I run a contract printing shop and bought the GlowForge to use as a laser die-cutter. After many months of “tinkering” I am now using the machine for production (albeit very slowly… we really need a REPEAT button!!)
Here are two jobs we did on the GlowForge:
Job #1: “Dirty Work” Campaign (self-promo)
I wanted to send a mailout to all of the area quick copy shops to let them know what our capabilities are, and that we could “do the dirty work” for them. I created a piece using 14PT coated stock that would act as a backboard for a small bottle of hand santizer. When I realized I had more to say then would fit on a normal card, I expanded to a folded card… which would require a window for the hand sanitizer.
Using the GlowForge I cut a rectangular window in the top fold; then I got creative and decided to cut around our logo on the corner of the card. I cut them two at a time, so the time “under the knife” really wasn’t that bad (just the time wasted having to re-load the job every time). I used magnets to hold the registration, and as you can see from this picture it was spot on throughout the entire run.
Here is a picture of the finished project.
Job #2: Custom Third-Cut Tabs
I had a customer who needed a tab set for a half-sized booklet; our normal supplier couldn’t get them done in time, let alone they were to be full-color/full-bleed. So I got brave and decided to do them on the GlowForge.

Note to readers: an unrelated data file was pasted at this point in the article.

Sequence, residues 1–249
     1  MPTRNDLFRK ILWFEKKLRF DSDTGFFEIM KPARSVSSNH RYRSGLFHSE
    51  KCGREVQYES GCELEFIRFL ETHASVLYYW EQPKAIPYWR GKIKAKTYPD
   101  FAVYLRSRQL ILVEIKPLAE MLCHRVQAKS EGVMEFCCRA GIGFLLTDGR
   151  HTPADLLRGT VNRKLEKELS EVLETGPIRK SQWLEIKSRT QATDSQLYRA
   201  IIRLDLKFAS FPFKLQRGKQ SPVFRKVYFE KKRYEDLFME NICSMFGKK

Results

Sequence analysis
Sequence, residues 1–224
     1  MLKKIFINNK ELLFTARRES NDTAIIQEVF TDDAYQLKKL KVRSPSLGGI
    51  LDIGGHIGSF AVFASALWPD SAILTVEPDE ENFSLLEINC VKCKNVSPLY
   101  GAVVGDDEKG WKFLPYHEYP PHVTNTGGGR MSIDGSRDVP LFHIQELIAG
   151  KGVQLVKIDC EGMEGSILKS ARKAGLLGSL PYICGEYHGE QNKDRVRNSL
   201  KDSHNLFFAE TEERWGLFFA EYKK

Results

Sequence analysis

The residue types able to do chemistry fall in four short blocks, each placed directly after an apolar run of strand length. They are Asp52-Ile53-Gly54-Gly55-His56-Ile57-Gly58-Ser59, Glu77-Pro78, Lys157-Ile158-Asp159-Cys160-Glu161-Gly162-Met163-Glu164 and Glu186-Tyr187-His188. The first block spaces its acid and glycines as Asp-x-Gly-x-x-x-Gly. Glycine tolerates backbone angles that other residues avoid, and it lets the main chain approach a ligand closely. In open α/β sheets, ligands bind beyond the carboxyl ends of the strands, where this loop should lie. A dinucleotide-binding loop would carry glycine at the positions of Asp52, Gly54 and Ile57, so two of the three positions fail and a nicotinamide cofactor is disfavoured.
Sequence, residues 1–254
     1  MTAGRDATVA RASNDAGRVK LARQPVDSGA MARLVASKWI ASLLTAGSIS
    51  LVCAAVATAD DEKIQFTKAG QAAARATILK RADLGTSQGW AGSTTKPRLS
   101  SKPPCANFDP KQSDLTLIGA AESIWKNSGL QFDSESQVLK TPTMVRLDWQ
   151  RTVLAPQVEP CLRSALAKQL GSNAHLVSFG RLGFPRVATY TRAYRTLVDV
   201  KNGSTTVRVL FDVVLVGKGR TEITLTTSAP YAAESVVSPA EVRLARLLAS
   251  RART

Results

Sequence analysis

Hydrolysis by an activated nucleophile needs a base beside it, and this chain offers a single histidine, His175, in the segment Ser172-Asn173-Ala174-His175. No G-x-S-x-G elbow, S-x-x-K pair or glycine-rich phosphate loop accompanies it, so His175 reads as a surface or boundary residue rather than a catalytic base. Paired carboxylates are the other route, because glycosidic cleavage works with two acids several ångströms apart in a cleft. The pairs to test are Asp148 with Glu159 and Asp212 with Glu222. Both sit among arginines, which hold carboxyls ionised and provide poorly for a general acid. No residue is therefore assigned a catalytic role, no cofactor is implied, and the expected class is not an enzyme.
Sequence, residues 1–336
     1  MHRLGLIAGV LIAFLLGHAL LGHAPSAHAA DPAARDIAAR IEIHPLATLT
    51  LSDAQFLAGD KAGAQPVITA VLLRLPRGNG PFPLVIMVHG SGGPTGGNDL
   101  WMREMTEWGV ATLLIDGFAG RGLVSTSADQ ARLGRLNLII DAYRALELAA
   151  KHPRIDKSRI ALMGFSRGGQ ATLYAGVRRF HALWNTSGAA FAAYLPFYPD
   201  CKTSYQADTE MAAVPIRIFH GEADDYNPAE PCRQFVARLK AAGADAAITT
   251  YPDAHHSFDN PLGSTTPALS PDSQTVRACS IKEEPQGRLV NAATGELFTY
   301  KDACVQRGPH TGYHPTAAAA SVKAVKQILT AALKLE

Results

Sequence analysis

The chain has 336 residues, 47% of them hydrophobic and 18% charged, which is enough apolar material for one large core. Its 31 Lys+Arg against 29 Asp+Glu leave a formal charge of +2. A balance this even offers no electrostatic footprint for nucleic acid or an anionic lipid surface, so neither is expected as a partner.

First I created test pieces and zeroed in the template on the GlowForge, then used finished stock that had the template overprinted on it. Once I was satisfied with the registration, I proceeded with the job.
As you can see by the next picture, the registration is well within tolerance across the entire run. By combining all three tabs on a single sheet I kept the setup time to a minimum.
What I learned:
- Settings are important, and vary not only by paper stock but also with what is printed on the stock. It is best to caliper-measure a final printed piece. On the first job I used 2-pass 35 strength on 14PT C2S UV coated 1 side; the second was 2-pass 30 strength on 12PT C2S UV coated both sides.
- Laser strength should be just strong enough to barely cut through using 2 passes; this keeps the paper from burning and/or the UV coating from melting. (Think of it more as a “kiss cut”.)
- An air filter IS A MUST; any kind of colored or coated paper is going to give off fumes you really don’t want to be breathing.